The Zimmerman House
The Zimmerman House
This red-tiled 1950 Frank Lloyd Wright house sits low to the ground at an angle on a suburban lot, its backside facing an expansive landscape that appears to float into the home through plate-glass windows flanked by planters on both sides. “The whole idea was to make the walls disappear between the garden and the room,” said docent Douglas Chamberlain ’73 on a recent tour. “And all the interior spaces are joined together at corners, instead of by walls and through passageways.” These hallmarks of modernism, along with 50 built-ins, elegant geometric furnishings, Wright’s signature “Cherokee red” palette, and the abundance of natural materials—brick, clay, and the warm glow of Georgian cypress—make this tightly designed 1,600-square-foot home a prime teaching tool. Commissioned by Lucille and Isadore J. Zimmerman ’25, the home is now operated by the Currier Museum; it is the only Wright home open to the public in New England. A prominent pagan-looking hearth anchors the house, a testament, Chamberlain asserts, to Wright’s passionate Celtic heritage. Also clear is Wright’s fascination with things Japanese: his rice-paper lampshades emit soft bedroom light, a painted screen sculpts the living room, and the low dining table, with matching ottoman stools—a sure novelty for any of the Zimmermans’ dinner guests.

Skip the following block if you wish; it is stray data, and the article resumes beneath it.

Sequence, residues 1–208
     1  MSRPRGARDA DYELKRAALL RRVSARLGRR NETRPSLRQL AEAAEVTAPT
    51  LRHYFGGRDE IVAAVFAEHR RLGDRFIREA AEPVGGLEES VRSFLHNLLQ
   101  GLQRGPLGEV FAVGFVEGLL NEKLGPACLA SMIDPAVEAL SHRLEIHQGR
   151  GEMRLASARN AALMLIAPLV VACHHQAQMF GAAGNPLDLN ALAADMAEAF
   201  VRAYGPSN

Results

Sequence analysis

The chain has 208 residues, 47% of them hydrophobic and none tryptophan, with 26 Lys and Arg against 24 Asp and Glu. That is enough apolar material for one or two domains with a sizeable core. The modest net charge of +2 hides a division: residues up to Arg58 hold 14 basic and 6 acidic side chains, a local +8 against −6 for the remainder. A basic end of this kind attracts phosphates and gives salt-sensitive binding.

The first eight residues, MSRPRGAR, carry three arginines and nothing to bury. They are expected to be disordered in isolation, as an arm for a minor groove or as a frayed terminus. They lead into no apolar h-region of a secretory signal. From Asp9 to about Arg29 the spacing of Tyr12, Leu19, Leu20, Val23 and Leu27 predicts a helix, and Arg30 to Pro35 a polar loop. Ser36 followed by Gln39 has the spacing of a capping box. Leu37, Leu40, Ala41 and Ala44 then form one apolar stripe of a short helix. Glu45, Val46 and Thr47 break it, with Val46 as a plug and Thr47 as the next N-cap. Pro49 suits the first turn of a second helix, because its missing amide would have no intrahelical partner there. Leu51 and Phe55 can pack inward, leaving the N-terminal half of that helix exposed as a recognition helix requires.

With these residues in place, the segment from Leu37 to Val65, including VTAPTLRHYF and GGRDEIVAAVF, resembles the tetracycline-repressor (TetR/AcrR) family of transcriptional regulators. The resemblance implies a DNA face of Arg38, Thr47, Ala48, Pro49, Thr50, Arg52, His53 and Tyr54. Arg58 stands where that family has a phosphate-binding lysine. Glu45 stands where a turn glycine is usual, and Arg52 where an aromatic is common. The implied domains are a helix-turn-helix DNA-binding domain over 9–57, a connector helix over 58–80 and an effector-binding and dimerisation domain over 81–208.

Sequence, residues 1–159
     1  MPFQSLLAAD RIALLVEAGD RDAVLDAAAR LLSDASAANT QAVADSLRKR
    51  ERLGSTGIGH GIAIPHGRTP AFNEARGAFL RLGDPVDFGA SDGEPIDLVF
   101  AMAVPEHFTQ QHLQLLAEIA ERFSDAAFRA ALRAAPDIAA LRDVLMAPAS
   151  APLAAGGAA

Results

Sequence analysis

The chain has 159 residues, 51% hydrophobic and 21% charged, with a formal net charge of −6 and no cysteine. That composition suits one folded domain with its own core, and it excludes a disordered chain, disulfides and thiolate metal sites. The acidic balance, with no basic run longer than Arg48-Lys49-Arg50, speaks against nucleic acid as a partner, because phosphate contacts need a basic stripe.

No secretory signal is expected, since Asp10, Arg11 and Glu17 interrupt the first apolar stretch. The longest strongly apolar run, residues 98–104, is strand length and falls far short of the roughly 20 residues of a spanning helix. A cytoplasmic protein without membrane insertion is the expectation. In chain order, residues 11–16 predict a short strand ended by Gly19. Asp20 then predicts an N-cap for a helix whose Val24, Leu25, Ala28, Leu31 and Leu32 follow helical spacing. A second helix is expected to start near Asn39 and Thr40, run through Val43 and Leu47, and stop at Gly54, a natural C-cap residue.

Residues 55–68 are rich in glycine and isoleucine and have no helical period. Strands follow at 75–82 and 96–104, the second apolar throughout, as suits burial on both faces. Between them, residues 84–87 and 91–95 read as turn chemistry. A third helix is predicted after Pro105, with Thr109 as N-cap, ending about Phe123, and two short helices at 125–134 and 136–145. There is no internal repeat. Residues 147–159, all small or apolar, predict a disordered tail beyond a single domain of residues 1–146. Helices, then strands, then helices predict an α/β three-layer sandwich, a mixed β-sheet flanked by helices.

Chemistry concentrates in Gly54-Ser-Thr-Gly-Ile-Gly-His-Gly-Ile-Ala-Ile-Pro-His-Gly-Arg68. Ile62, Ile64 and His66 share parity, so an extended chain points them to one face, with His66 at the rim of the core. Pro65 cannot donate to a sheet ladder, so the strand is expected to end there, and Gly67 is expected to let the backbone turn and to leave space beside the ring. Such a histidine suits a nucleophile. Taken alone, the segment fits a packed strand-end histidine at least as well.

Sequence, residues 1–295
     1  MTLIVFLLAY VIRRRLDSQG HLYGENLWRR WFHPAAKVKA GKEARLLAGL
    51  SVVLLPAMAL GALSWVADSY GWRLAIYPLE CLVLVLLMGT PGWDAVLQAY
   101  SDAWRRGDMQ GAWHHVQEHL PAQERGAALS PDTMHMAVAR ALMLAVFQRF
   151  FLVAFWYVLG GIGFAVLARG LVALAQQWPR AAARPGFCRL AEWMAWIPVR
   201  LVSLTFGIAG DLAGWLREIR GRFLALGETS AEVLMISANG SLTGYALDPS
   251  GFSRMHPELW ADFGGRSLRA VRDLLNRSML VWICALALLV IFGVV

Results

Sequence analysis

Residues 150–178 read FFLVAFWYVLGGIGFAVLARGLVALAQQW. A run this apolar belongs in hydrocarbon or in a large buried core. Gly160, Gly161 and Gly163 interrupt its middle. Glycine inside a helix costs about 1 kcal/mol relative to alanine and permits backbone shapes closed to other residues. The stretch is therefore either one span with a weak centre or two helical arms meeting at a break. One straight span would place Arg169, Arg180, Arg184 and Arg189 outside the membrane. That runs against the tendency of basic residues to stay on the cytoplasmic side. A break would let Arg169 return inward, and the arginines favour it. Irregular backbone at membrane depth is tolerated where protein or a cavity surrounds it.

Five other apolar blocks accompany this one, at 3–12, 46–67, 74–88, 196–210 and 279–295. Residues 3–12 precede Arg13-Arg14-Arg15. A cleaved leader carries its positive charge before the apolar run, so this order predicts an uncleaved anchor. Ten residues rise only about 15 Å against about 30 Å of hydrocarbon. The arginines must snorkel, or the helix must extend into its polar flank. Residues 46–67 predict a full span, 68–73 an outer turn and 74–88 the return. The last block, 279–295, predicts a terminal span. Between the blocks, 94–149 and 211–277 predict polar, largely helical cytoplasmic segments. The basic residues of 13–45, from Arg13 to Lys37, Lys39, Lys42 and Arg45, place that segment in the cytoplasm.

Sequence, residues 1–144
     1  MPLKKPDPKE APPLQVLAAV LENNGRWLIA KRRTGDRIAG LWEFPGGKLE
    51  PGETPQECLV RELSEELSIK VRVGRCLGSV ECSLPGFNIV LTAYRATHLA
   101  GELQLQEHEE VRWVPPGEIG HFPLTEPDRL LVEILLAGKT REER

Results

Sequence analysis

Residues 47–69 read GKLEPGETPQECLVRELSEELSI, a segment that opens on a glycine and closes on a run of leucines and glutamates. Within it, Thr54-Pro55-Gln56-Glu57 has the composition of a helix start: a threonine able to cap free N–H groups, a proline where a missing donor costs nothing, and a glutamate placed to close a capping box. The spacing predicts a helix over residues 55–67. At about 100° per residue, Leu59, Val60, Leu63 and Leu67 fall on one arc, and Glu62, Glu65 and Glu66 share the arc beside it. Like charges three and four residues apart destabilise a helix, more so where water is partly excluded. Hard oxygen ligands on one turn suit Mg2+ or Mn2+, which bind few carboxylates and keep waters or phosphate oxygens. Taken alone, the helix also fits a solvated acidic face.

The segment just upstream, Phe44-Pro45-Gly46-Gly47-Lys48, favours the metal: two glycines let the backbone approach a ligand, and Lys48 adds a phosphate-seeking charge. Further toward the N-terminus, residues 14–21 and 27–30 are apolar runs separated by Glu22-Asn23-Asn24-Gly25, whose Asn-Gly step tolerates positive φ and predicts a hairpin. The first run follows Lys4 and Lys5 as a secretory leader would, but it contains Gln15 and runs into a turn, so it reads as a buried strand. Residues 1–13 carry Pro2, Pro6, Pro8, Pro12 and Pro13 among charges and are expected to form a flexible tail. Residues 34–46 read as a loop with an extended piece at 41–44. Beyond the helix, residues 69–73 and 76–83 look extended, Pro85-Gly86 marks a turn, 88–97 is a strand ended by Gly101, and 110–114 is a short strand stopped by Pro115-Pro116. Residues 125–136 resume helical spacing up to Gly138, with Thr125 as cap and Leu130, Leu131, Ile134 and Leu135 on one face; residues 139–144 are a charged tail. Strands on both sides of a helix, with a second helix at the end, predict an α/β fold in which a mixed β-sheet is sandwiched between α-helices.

(Top) Neva Austrew / Zimmerman House / Currier Museum of Art. (Bottom) J. David Bohl / Zimmerman House / Currier Museum of Art
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